Love crossing the rez at sunset...magical sunset glow.

So, I eased into it, first stop Telluride, rode w/some friends.  I felt the knee, but less so.  Then again the next day, riding easy, the knee was ok.  Wha???   Not sure why I was suddenly better.  Back to my shorter cranks? Better fit on the bike vs a standard spin bike? A few days off from running?  Colorado? I never figured it out.  Rather, I said a few thank yous (to God, Allah, the bike, etc.) and promised to not take it for granted! :)

Of course, I didn't get to ride ALL the trails I'd hoped, but heck yeah a lot of it.   Lots of the epics.  Telluride, Crested Butte, Almont, Fruita, Durango, Silverton, Ouray, Aspen, Snowmass, Basalt, Cortez, etc..  Big mountains, flowy dirt, chunky rock, jeep passes.  Most of my days were above 8000ft elev, and several times above 13,000ft, well above the treeline.   I handled it pretty well.  My legs definitely lacked some needed punch several times.  Found I had to push the bike a few times in places I wouldn't have had to were I a mile lower in elevation.  But I loved it.  Found myself grinning a lot!  Definitely bliss.  Looking back at some stats, looks like I rode 1-2x a day on NEW dirt, pedaled about 250 miles and a glorious 40,000 in about 10 days of riding.  Yes, less than Coconino250/La Ruta/etc; but again, this was for FUN, for EXPLORING, and while yeah hitting it hard at times, I definitely stopped to smell the roses, and mock foxes, and oogle black bears, etc..  (One of the rides was about 5500ft climbing in a mere 20miles, and up to 13K' which kicked my bootay!)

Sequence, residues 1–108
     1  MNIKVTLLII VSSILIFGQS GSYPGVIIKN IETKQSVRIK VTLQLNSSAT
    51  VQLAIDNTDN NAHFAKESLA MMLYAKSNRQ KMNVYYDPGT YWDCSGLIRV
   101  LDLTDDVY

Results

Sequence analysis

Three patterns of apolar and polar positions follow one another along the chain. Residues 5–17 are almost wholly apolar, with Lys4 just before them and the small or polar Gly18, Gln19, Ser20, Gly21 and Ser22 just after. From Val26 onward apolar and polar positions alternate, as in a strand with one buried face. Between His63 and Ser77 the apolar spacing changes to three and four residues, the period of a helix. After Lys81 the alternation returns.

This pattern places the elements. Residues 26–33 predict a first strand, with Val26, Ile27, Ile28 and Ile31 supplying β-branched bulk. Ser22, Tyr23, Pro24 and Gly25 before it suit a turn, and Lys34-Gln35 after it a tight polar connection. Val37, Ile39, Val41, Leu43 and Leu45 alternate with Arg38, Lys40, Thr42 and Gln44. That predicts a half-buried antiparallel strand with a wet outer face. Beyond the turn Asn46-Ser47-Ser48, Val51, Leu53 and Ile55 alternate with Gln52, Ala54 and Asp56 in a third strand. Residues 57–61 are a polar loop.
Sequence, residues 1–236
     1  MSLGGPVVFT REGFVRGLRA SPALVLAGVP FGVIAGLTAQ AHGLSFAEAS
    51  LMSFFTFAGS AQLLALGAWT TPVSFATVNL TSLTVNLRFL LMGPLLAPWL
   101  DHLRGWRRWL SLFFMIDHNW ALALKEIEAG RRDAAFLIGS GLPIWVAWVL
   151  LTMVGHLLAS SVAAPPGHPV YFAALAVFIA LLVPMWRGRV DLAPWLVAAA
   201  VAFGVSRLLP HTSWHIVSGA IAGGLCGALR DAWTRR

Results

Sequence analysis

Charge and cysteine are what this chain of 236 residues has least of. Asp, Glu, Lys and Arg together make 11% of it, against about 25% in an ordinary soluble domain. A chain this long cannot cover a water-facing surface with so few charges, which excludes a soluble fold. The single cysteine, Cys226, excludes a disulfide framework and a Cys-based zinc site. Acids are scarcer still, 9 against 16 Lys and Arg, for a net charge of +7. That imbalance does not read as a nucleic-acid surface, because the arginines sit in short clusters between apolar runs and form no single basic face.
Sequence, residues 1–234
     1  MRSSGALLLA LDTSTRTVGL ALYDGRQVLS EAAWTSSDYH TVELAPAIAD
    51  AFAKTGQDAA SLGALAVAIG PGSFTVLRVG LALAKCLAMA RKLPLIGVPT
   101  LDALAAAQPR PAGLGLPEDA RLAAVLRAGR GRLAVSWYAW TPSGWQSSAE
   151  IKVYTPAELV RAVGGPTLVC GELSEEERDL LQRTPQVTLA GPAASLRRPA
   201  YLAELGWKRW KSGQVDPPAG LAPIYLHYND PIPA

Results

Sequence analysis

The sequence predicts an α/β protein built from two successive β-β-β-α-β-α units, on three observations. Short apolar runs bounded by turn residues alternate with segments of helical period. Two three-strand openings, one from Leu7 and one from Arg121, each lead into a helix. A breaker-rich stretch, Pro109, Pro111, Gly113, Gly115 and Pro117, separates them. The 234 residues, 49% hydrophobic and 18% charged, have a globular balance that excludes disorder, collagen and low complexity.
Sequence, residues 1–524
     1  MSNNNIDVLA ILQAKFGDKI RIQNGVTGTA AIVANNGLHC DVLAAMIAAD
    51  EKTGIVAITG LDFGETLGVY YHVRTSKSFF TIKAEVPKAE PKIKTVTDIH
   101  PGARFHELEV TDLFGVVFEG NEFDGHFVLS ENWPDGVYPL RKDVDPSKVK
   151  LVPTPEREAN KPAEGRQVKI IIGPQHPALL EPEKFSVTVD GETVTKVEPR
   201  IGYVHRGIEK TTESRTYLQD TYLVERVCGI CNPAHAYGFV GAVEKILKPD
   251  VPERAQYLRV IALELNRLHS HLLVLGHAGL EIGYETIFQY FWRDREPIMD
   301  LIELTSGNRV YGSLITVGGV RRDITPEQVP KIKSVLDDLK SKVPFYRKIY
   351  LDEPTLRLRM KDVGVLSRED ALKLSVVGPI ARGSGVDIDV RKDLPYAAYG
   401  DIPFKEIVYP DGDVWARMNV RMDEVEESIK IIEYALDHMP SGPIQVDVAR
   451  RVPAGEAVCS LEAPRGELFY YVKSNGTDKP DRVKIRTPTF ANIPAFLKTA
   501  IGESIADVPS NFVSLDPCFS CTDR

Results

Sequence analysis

A huge perk was that I even ended up getting to ride w/some friends along the way.  Few of those joint rides were planned, but popped up as great opportunities along the way! :-)

Even some of the best riders find themselves having to push "easy" pitches when nearing 14,000ft.
Corkscrew gulch, near Ouray.  
Jess, leading the way for Patrick, Jason and me, near Telluride.  

I'd recruited a buddy to do some bikepacking and traverse one of the best sections of the Colorado Trail (CT), but being in the midst of monsoon season, it became too risky to get stuck up there on a certain long exposed sections during lightening/electrical storms -- which that particular week was seeing many of.   Of course, my impatience tried to beg borrow and steal to convince him to just go for it, but in the end and after a morning "recon" session, we opted out -- and nearly suffered hypothermia from the experience.    I was bummed but knowing how I have no tolerance for wet/cold as it is, it was probably good I avoided a melt-down...and death by lightening of course.)

Wet rat on the Colorado Trail.